During the rest of the night he became all the more determined in this resolution, demonstrating to himself by a thousand mad reasons, which he found solid and inscrutable, the necessity for and the justifiableness of this vengeance.

At seven o’clock in the morning, he found himself in an avenue of the Bois de Boulogne, not far from the lake. He made at once for the Porte Maillot, procured a cab, and was driven to his house.

The delirium of the night continued, but without suffering. He was conscious of no fatigue. Calm and cool, he acted under the power of an hallucination, almost like a somnambulist.

He reflected and reasoned, but without his reason. As soon as he arrived home he dressed himself with care, as was his custom formerly when visiting the Marchioness d’Arlange, and went out. He first called at an armourer’s and bought a small revolver, which he caused to be carefully loaded under his own eyes, and put it into his pocket. He then called on the different persons he supposed capable of informing him to what club the viscount belonged. No one noticed the strange state of his mind, so natural were his manners and conversations.

It was not until the afternoon that a young friend of his gave him the name of Albert de Commarin’s club, and offered to conduct him thither, as he too was a member.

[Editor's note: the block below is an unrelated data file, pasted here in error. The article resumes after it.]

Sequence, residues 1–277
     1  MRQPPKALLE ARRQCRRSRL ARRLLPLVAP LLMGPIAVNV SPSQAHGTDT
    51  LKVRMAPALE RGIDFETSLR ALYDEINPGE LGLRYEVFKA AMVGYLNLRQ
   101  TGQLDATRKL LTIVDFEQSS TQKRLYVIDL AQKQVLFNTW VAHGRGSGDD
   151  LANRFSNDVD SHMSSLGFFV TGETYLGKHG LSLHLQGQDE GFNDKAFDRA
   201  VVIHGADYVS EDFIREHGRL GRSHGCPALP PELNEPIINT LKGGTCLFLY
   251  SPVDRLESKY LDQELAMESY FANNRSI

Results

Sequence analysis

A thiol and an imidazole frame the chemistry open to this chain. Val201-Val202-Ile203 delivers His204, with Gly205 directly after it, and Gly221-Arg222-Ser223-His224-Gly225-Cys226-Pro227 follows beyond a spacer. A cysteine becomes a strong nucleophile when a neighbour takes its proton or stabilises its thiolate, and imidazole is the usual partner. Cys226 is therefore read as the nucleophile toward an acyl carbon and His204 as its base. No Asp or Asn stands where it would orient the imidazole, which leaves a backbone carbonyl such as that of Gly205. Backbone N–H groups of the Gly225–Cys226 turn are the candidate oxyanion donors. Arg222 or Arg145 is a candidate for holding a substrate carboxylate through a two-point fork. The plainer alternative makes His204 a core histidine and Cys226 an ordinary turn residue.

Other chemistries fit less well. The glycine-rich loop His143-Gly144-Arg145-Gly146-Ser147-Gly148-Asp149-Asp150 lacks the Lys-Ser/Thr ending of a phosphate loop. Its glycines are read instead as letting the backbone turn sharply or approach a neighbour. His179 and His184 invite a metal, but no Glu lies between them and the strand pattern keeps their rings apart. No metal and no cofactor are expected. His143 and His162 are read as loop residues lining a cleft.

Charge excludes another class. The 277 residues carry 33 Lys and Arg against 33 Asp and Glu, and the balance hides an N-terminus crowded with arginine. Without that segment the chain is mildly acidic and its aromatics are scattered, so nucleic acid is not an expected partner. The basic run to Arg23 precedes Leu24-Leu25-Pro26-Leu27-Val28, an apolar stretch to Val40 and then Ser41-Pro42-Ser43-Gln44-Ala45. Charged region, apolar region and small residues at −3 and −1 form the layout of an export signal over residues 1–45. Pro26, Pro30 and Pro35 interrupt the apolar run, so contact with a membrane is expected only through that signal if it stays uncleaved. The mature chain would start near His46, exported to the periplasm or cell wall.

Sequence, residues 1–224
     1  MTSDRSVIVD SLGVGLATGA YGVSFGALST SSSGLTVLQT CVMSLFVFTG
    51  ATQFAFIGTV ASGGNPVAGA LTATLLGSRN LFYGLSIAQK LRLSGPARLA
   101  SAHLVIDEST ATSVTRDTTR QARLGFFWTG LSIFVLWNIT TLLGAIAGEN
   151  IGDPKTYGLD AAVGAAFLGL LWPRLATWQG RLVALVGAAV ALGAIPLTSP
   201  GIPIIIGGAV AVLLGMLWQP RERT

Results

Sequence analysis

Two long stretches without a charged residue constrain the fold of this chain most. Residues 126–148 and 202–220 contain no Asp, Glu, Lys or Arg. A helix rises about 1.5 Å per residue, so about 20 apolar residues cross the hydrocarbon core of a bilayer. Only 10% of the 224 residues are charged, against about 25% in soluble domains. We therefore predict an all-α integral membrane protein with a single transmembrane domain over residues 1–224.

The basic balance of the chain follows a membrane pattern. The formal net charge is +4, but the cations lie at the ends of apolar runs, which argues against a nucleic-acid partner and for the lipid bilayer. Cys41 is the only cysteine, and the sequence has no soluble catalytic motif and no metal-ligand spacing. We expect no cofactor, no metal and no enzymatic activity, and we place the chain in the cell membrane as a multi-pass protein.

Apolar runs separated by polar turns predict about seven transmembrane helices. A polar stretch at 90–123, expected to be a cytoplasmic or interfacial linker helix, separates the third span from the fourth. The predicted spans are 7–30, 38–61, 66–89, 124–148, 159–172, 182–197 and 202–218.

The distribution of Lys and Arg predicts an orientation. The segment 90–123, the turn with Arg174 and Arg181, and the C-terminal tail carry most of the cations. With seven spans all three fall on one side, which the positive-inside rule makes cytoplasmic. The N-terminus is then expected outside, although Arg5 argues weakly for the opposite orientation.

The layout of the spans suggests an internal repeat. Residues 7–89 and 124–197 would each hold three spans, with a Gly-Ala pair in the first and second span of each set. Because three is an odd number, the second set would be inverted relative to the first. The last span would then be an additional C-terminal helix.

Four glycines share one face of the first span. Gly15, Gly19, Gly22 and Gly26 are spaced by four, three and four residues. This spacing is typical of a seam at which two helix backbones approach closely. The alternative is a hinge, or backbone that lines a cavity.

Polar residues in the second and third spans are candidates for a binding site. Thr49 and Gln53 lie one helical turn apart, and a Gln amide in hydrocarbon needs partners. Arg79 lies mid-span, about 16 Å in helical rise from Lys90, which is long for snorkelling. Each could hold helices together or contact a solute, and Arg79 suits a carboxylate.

M. Daburon accepted warmly, and accompanied his friend. While passing along, he grasped with frenzy the handle of the revolver which he kept concealed, thinking only of the murder he was determined to commit, and the means of insuring the accuracy of his aim.

“This will make a terrible scandal,” thought he, “above all if I do not succeed in blowing my own brains out. I shall be arrested, thrown into prison, and placed upon my trial at the assizes. My name will be dishonoured! Bah! what does that signify? Claire does not love me, so what care I for all the rest? My father no doubt will die of grief, but I must have my revenge!”

On arriving at the club, his friend pointed out a very dark young man, with a haughty air, or what appeared so to him, who, seated at a table, was reading a review. It was the viscount.

M. Daburon walked up to him without drawing his revolver. But when within two paces, his heart failed him; he turned suddenly and fled, leaving his friend astonished at a scene, to him, utterly inexplicable.